Pittsburgh — The lithium industry is at a real, fundamental turning point, with an increased sense of urgency among existing and potential customers on contact pricing for 2022, Livent CEO Paul Graves said during the company's first quarter conference call.
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"The signs of increasingly positive lithium market dynamics that emerged late in the fourth quarter of last year have continued so far in 2021," Graves said during the company's Q1 earnings call late May 3. "It is clear that the largest driver of this is much higher than expected demand for lithium, driven by strong actual and even stronger forecasted EV sales."
Graves said current published lithium carbonate prices in China have effectively doubled from the same point in 2020.
S&P Global Platts assessed battery-grade lithium carbonate on May 4 at Yuan 87,000/mt ($13,452/mt) and lithium hydroxide at Yuan 84,500/mt on a DDP China basis. By comparison, Platts battery grade lithium carbonate assessment stood at Yuan 44,300 ($6,272)/mt April 30, 2020, while lithium hydroxide was assessed at Yuan 52,500/mt.
An increase in spodumene prices is also having an effect on non-integrated producers, placing upward pressure on costs for conversion operations, Graves said.
"Given these higher cost pressures, we are starting to see some lithium supply contracts being strained with multiyear agreements with limited or no price flexibility quickly becoming unprofitable for these nonintegrated converters," he said. "With little to no surplus carbonate or hydroxide available in the market today, we expect that many of these contracts will come under pressure to be renegotiated in the coming quarters."
EV demand in the first quarter of 2021 was strong in all three major regions, with EV sales in March up around 100% month on month in China and Europe and up 70% in the US, he said.
"Responding to this strong data and supported by increasing EV sales forecast by [original equipment manufacturers], battery supply chains have accelerated their activity in the last few months, reflecting a confidence that these demand trends for EVs will continue," Graves said. "This is a stark difference from most of last year when COVID-19-related uncertainty drove many purchases to delay orders and avoid building any potential excess inventory."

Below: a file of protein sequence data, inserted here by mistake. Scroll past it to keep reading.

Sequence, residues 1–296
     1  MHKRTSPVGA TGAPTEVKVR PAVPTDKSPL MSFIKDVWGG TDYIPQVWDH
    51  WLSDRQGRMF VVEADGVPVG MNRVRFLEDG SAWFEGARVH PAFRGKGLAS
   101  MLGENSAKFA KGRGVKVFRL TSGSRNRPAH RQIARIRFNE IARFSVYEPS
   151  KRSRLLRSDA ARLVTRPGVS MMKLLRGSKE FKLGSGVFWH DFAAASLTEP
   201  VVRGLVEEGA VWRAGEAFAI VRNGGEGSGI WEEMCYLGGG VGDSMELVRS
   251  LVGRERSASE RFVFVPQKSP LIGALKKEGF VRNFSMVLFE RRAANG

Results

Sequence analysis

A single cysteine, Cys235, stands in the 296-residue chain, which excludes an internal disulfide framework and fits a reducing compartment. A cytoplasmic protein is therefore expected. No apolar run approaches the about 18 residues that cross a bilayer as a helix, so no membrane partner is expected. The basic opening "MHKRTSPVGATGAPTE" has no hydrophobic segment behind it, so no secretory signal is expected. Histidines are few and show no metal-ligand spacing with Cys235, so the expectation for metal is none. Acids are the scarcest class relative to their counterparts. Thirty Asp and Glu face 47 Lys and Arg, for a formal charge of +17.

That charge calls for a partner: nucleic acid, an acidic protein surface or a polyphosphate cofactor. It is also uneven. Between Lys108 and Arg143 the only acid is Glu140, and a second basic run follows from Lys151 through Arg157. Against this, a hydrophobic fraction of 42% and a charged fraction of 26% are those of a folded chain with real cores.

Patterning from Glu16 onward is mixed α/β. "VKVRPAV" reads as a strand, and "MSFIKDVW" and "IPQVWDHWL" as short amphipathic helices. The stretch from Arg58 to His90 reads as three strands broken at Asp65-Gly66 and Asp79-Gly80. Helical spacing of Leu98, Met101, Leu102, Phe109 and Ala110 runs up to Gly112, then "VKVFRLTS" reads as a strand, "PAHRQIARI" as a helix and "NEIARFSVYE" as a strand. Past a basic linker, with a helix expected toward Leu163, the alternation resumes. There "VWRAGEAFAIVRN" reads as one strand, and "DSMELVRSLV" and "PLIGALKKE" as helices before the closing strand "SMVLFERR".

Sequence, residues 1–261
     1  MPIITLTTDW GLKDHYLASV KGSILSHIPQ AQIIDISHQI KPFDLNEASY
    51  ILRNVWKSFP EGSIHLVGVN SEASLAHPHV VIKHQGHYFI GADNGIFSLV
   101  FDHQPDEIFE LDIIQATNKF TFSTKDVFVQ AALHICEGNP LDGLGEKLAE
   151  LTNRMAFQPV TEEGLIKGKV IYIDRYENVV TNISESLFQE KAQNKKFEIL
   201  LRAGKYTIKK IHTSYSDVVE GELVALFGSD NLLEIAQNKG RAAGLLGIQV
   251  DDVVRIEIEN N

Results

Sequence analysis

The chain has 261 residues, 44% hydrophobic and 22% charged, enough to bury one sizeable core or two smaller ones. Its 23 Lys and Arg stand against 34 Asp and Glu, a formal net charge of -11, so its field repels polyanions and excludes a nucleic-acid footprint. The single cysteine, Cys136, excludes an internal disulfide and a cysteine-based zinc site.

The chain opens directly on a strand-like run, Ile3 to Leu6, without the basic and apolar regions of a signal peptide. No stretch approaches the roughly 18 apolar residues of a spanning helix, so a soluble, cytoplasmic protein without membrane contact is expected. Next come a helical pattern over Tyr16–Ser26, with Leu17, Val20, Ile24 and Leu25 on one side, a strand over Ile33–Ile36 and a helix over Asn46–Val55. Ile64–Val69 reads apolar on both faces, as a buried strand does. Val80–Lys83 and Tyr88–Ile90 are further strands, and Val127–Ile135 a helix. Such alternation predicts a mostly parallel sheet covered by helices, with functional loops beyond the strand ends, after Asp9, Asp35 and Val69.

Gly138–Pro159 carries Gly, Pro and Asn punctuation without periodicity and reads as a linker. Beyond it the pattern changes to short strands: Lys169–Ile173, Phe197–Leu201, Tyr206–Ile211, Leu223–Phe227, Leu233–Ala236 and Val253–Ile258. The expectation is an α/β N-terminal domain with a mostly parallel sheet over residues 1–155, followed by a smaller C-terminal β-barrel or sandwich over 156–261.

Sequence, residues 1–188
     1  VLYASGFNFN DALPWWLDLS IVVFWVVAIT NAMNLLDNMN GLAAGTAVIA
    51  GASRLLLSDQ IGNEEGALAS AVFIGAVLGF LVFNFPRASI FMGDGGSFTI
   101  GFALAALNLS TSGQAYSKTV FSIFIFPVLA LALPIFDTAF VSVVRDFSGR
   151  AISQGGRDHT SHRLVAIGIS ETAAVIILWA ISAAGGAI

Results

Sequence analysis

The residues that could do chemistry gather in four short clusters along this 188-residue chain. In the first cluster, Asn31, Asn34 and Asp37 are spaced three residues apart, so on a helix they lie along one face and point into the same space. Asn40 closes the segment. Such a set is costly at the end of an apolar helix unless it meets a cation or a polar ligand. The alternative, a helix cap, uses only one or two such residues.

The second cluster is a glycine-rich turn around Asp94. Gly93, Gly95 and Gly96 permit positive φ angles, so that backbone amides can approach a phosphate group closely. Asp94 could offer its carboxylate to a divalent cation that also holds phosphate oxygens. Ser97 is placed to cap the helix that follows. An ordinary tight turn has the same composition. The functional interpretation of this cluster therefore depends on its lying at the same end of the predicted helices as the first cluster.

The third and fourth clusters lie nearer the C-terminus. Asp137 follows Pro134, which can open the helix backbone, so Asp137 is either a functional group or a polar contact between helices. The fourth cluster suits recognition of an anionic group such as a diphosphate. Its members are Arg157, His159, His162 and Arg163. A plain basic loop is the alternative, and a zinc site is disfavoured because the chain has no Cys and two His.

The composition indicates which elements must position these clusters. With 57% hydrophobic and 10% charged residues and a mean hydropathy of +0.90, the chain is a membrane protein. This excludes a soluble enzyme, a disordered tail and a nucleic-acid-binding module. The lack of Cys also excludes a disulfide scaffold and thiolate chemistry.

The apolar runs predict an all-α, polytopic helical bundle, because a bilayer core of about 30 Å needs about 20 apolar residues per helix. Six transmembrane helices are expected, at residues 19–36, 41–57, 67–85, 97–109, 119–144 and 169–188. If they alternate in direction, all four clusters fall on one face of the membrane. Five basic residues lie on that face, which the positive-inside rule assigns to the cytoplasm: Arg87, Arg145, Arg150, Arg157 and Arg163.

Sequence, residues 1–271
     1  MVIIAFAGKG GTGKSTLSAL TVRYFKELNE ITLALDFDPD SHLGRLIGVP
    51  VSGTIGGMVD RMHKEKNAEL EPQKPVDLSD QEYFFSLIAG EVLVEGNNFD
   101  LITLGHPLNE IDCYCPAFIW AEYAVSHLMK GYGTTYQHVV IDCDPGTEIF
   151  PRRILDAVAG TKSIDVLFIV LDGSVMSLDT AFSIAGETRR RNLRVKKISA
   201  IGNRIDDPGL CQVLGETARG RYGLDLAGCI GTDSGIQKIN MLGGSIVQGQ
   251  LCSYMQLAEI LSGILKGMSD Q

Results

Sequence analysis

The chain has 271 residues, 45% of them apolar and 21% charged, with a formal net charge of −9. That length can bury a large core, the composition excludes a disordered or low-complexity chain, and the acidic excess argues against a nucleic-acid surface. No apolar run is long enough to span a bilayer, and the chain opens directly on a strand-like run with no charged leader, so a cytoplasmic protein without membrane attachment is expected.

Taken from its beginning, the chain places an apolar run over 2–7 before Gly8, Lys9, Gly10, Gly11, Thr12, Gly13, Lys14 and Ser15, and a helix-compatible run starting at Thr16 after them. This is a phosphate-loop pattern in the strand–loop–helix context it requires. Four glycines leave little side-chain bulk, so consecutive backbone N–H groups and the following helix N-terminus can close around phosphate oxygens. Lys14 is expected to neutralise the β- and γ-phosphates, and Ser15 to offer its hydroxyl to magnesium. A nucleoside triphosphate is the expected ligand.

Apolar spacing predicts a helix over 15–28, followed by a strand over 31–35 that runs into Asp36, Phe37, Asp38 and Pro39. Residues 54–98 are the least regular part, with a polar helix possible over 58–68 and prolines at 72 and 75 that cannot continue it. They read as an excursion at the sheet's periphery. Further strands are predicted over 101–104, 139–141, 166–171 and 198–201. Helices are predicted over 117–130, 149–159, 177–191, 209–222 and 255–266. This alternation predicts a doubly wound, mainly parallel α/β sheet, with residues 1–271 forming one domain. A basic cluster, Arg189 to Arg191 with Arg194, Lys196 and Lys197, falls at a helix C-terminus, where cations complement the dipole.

While there have been some meaningful disruptions in the broader battery supply chain -- especially with regard to availability of shipping containers and restrictions around movement of people, goods and materials in some key geographies -- Graves said Livent has not seen EV production itself slowdown in the same way it has for many traditional internal combustion engine models.
"It certainly appears that OEMs are prioritizing successful EV launches when they are otherwise constrained driven by factors that include emission regulations, a desire for first-mover advantage and increasingly consumer preferences," he said.
Amid the increased demand, Livent has resumed previously paused capacity expansion plans in the US and Argentina, completing a 5,000 mt hydroxide addition in Bessemer City, North Carolina, as well as its phase 1 carbonate expansion of 10,000 mt in Argentina, it said May 3. The projects, which were paused in March 2020 shortly after the onset of the coronavirus pandemic, are now expected to reach commercial production by Q3 2022 and Q1 2023, respectively.
By the end of 2023, Livent plans to roughly double its carbonate capacity in Argentina from current levels to 40,000 mt, Graves said. Based on the current plans, once these expansions are complete, Livent will have a surplus of about 14,000 mt of carbonate, he said.
"This is important for two reasons: First, it eliminates the need to source third-party carbonate to feed our hydroxide units, which will increase our profit margins in lithium hydroxide," he said. "Second, it gives us the flexibility to participate in the growing carbonate market or to provide additional feedstock for further hydroxide expansion should our customers need it."
Livent reported a net loss of $800,000 on revenue of $91.7 million in Q1. By comparison, the company reported a net loss of $1.9 million on revenue of $68.5 million in Q1 2020.